Do you want a fresh start in Canada? If you are interested in moving to Canada permanently, then this five-step guide on how to become a Canadian citizen is vital for you to read.
- 1 Step 1: Ensure That You Have Permanent Residency Status in Canada
- 2 What Does It Mean to Have Permanent Resident Status?
- 3 Step 2: Ensure That You’ve Lived in Canada for at Least Three Years
- 4 Step 3: File Your Income Taxes
- 5 Step 4: Pass a Citizenship Test
- 6 What Is a Canadian Citizenship Test?
- 7 How to Take the Test
- 8 What Is a Citizenship Class?
- 9 Step 5: Prove Your Language Skills
- 10 Secure Your Spot
Step 1: Ensure That You Have Permanent Residency Status in Canada
To be eligible to apply for Canadian citizenship, you need to have Permanent Resident (PR) status and have lived in Canada, as a permanent resident, for a specific amount of time.
What Does It Mean to Have Permanent Resident Status?
If you have PR status in Canada, this means you must not:
- Be under review for immigration or fraud reasons.
- Be asked to leave Canada by Canadian officials (this is also known as a removal order).
- Have unfulfilled conditions involving your PR status, like medical screening or being outside Canada for a long period of time.
Please note that although you do need permanent residency status when applying for Canadian citizenship, it isn’t necessary to have a valid PR card. You can apply with an expired PR card.
Step 2: Ensure That You’ve Lived in Canada for at Least Three Years
To apply for citizenship, you need to have lived in Canada for at least three years (1095 days) in the recent past (in the last five years).
To ensure that you apply for citizenship successfully, you’re encouraged to have spent more than the required three years living in Canada.
You may be able to include some time spent in Canada as a temporary resident or protected person as part of your calculation of time spent living in Canada.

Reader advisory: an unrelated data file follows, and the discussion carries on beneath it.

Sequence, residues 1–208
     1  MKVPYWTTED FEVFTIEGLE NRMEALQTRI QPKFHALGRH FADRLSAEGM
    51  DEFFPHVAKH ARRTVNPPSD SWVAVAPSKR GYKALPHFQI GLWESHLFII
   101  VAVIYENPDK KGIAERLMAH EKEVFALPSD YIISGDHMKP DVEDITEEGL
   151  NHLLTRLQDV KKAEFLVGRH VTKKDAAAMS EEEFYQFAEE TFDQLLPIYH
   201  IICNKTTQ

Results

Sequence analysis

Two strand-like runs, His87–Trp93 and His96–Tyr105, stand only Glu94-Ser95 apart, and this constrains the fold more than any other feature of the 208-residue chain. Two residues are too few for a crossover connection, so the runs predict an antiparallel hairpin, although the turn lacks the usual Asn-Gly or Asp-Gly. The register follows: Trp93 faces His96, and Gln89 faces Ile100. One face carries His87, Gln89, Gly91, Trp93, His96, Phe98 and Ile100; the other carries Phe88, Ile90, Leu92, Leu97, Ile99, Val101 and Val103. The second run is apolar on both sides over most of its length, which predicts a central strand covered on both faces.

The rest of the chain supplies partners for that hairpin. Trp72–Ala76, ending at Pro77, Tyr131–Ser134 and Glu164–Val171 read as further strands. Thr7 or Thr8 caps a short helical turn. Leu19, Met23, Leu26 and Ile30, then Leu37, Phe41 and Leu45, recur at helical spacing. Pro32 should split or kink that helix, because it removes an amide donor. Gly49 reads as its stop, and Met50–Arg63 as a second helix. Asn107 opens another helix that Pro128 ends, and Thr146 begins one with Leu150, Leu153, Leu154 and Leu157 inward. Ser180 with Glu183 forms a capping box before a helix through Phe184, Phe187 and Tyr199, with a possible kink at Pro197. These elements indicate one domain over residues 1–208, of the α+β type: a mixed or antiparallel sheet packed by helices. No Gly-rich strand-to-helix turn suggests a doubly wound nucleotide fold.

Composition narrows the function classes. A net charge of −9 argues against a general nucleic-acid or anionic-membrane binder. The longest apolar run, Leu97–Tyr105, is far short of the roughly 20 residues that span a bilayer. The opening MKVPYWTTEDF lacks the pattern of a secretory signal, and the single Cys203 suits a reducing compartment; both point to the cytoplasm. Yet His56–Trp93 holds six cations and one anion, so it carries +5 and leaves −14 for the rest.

You may also be able to factor in time spent outside of Canada if you were a crown servant or a family member of a crown servant.
Step 3: File Your Income Taxes
While living in Canada as a permanent resident, you may need to file personal income taxes for at least three years before the date you apply for citizenship.
Step 4: Pass a Citizenship Test
We’re almost there! One of the last steps you need to take is to complete and pass a citizenship test.
What Is a Canadian Citizenship Test?
The Canadian citizenship test is a test that is administered by the Department of Immigration, Refugees and Citizenship Canada (IRCC).
All Canadian citizenship applicants between the ages of 18 and 54, who meet the basic requirements, need to take this test.
The Test Consists of Multiple-choice Questions on the Following Topics:
- Canada’s history
- political system
- National symbols
- Rights and responsibilities of citizenship
How to Take the Test
To make sure that you do your absolute best, there are plenty of helpful tips online to prepare you for your test, one of which is to take a citizenship class.
What Is a Citizenship Class?
Citizenship classes are usually free or come at a low cost and cover topics that you can expect to see in the Canadian citizenship test (listed above).
If for any reason, you can’t take the class through an English Second Language (ESL) program, there’s still hope. A number of organizations that offer English classes also offer citizenship classes or practice tests:
- Richmond Public Library Citizenship Practice Test
- Citizenship Support Simulation Test
- Citizenship Counts Online Quiz
Step 5: Prove Your Language Skills
Finally, to be eligible to apply for citizenship, you need to prove that your language skills are equivalent to Canadian standards and meet the Canadian Language Benchmarks (CLB) Level 4 or higher.
You Can Do So by Providing Documents Such as:
- The language test results of an IRCC approved test; or
- A diploma, certificate, or transcript from a program you completed (in English or French) at a secondary or post-secondary educational institution. You could have completed the program in or outside Canada.
Secure Your Spot
It is important that you don’t miss your citizenship test unless there is an emergency. You should also make sure that the IRCC is informed of your current address so that you don’t miss any important notices.
So, there you have it – the 5 essential yet simple steps you need to take on your journey to Canadian citizenship.
So, if you’re getting ready to move to Canada permanently, make sure you tick off all the steps in this guide and take advantage of all available resources that can help make the application process as easy as possible.
Ready to start your journey to the Great White North? Click here to read more about Canadian citizenship and how to apply.
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